Here’s what’s happening across the border: An acid attack survivor is one of four transgender poll candidates, and Pakistanis are donating in droves for key dams.
Military ‘running a campaign of threats & intimidation’
The military in Pakistan is running a campaign of persuasion, intimidation and threats, The Wall Street Journal quoted rights activists and politicians as saying.
According to the people the newspaper spoke to, the military is supporting former cricketer Imran Khan’s party Pakistan Tehreek-e-Insaf (PTI) and using every tool to “break former Pakistan prime minister Nawaz Sharif’s vote bank”.
Before being jailed, Sharif claimed that Major General Faiz Hameed, deputy chief of the Inter-Services Intelligence (ISI), was forcing politicians to leave his party, the Pakistan Muslim League (Nawaz).
Pakistan Peoples Party (PPP) candidates have also talked of being bullied by military officials to switch parties. Consequently, complaints have been filed with the Election Commission of Pakistan against four such officials.
However, the military has denied trying to influence the election, saying it had no political alignment.
A PTI spokesman said the allegation was “without substance”.
Pakistan has had a chequered history with the military, with the country witnessing several coups to unseat the civilian government. The last such coup in 1999 saw dictator Pervez Musharraf assume the reins of power after ousting a civilian administration led by Sharif.
Acid attack survivor wants to empower transgenders with a run for office
A transgender election candidate who has survived an acid attack by her ex-boyfriend and sexual abuse by relatives is hoping to empower the community with her run for the national assembly, BBC reported.
Nayyab Ali, one of four transgender candidates contesting the 25 July election, is contesting as an independent.
“The transgender community is progressing slowly in Pakistan – we’re finding positions in various industries like education and journalism,” she said in an interview with the BBC.
Explaining why she decided to contest, she said, “I realised that without political power and without being part of the country’s institutions, you cannot gain your rights.”
Ali, who was only 13 when she was forced to leave home, is the national spokesperson for the All Pakistan Transgender Election Network, reported SBS News.
Pakistan is one of the few countries that allow the transgender community to identify themselves as such on their national identity cards, under the title “third sex”. Last year, the option was added to passports as well.
“In May, Pakistan passed new legislation guaranteeing basic rights for its estimated 500,000 transgender citizens – including intersex people, transvestites and eunuchs – and banning discrimination against them,” the report added.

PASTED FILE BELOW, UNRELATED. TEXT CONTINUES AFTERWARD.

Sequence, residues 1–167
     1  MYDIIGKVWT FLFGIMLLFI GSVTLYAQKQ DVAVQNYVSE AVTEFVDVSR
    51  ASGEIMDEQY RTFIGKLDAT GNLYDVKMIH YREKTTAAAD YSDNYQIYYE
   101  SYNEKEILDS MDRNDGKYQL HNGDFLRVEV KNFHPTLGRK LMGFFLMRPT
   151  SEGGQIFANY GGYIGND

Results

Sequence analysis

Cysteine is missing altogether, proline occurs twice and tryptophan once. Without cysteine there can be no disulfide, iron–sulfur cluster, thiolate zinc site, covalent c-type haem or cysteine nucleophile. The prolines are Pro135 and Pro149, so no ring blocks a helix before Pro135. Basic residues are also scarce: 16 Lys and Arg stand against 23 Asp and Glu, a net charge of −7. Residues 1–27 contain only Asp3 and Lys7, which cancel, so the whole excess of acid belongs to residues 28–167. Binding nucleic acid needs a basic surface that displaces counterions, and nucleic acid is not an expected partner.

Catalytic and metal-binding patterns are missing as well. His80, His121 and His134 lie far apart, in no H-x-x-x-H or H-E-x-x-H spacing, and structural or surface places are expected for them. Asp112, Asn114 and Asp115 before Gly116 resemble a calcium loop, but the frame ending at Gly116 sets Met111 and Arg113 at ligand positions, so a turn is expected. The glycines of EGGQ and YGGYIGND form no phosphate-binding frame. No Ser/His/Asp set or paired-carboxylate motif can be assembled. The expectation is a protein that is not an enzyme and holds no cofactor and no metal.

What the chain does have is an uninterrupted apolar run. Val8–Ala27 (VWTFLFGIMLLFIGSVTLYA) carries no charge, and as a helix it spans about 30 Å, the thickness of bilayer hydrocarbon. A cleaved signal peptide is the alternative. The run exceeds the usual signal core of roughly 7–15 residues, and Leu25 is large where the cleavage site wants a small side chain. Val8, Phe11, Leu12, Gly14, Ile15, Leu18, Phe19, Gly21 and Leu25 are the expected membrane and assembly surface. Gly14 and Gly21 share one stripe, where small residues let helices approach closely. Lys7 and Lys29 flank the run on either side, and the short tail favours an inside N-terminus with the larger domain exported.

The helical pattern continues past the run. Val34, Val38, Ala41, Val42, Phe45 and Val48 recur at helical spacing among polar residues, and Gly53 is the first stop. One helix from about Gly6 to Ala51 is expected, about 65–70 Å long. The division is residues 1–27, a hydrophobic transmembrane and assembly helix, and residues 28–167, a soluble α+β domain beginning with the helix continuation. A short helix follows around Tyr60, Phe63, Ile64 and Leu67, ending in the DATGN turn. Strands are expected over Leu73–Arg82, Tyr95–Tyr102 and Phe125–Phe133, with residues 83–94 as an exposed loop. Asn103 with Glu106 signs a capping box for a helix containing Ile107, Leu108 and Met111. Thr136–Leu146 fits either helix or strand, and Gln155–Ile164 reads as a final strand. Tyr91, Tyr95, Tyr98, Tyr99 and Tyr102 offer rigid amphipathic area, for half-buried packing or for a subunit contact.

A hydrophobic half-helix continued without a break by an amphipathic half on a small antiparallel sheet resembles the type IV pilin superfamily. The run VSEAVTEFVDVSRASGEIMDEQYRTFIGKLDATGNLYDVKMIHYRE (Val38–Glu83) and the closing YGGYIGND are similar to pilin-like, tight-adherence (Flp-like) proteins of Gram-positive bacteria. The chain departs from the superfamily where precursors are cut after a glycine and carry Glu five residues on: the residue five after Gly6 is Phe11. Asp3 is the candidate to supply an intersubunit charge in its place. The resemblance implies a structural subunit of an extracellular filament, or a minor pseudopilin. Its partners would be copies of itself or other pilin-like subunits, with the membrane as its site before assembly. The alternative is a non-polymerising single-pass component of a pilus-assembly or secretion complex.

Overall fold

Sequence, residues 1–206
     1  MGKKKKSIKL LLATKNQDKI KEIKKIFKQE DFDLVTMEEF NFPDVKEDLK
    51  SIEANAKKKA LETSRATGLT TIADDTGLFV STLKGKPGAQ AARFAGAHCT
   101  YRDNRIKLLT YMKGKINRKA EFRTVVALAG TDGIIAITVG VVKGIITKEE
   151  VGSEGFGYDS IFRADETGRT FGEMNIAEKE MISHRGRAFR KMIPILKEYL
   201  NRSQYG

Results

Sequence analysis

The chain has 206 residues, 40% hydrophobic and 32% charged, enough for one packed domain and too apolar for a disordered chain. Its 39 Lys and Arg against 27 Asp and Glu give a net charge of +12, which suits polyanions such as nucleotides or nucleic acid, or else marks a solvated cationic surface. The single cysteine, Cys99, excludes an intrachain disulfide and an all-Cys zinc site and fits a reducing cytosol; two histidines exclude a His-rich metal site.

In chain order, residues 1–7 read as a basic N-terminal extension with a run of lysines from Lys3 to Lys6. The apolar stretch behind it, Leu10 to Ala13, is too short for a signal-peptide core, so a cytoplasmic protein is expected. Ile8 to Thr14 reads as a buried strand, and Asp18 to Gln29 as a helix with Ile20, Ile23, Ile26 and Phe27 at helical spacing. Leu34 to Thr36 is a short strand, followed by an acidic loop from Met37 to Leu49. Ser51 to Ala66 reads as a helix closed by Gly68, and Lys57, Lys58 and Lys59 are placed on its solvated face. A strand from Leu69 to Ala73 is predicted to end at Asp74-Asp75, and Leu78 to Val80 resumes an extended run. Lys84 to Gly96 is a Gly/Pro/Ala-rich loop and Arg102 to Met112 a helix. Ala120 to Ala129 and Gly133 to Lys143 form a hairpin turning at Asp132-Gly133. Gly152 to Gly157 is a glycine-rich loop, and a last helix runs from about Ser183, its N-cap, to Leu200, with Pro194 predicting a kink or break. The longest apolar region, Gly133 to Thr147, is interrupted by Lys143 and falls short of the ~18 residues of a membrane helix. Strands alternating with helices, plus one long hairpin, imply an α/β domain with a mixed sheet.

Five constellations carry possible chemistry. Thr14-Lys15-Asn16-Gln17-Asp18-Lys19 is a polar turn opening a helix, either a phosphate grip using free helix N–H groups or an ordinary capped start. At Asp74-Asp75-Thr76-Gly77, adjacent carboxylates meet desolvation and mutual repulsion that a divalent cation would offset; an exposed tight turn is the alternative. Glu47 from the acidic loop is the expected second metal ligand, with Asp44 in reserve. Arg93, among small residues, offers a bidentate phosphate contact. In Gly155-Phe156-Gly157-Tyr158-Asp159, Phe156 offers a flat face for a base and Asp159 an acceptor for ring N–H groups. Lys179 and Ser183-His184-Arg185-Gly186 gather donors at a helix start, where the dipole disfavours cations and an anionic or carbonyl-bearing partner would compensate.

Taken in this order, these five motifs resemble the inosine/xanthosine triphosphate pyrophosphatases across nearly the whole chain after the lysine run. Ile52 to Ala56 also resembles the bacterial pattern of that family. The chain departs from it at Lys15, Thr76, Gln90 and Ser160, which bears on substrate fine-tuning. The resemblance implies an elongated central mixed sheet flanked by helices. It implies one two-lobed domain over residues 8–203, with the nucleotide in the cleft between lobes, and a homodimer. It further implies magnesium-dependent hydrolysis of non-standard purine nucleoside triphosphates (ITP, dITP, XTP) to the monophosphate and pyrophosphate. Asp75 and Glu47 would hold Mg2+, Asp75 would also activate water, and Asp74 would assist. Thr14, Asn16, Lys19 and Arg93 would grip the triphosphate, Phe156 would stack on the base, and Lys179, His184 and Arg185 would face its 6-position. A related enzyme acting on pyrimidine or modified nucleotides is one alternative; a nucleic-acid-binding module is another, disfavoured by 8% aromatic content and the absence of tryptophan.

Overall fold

Thousands at risk amid lax security at sensitive polling stations
Hundreds of sensitive polling stations in Pakistan remain without a boundary wall, bringing the caretaker provincial governments under the election commission’s scanner for reportedly failing to maintain them, reported The Business.
A lapse like this threatens to put thousands of Pakistani voters at risk in an election run-up marked by more than one terror attack targeting candidates.
The governments have also ignored repeated directives from the Election Commission of Pakistan (ECP) to equip polling stations with basic facilities, including water and power, the report added. According to sources quoted in the report, as many as 4,945 polling stations have been found to lack basic facilities just days ahead of the 25 July election.
The situation was found to be the worst in Sindh, where preparations were found lacking in 3,688 of 17,747 stations.
Meanwhile, following directives from the interior ministry, the Pakistan Telecommunication Authority (PTA) has suspended mobile internet services in several districts of Balochistan till 31 July, reported Dawn.
Given that it’s election season, the suspension, it is feared, might hamper the effectiveness of the Result Transmission System (RTS), an internet-based application introduced by the ECP to transmit polling results from constituencies to the commission.
Citizens rally together amid water crisis, donate Rs 260 million for dams
The call of the chief justice for citizen donations to build two dams has drawn an enthusiastic response, with Pakistanis shelling out Rs 260 million (Rs 13.9 crore) so far, reported The Express Tribune.
According to the newspaper, the Supreme Court has created a fund in the State Bank of Pakistan to collect donations for the construction of Diamer-Bhasha and Mohmand dams, which are expected to help the country tide over a water crisis. While the Diamer-Bhasha dam will be made on the River Indus in Gilgit-Baltistan, Mohmand dam will come up on the River Swat, near Peshawar.
“The country is facing a difficult situation regarding water and all measures are being taken to start work on water reservoirs,” Water and Power Development Authority chairman Lt Gen Muzammil Hussain (Retd) said, adding that they were also reaching out to foreign banks and external financiers for the extra amount needed for the construction.
Meanwhile, at a public gathering in Bahawalpur Friday, PTI chief Imran Khan promised to prioritise the construction of the Diamer-Bhasha dam, while also vowing other plans to conserve and recycle water.
Contributors: Anagha Deshpande,Hansa Kapoor, Rupanwita Bhattacharjee, Sharanya Munsi, and Manisha Mondal
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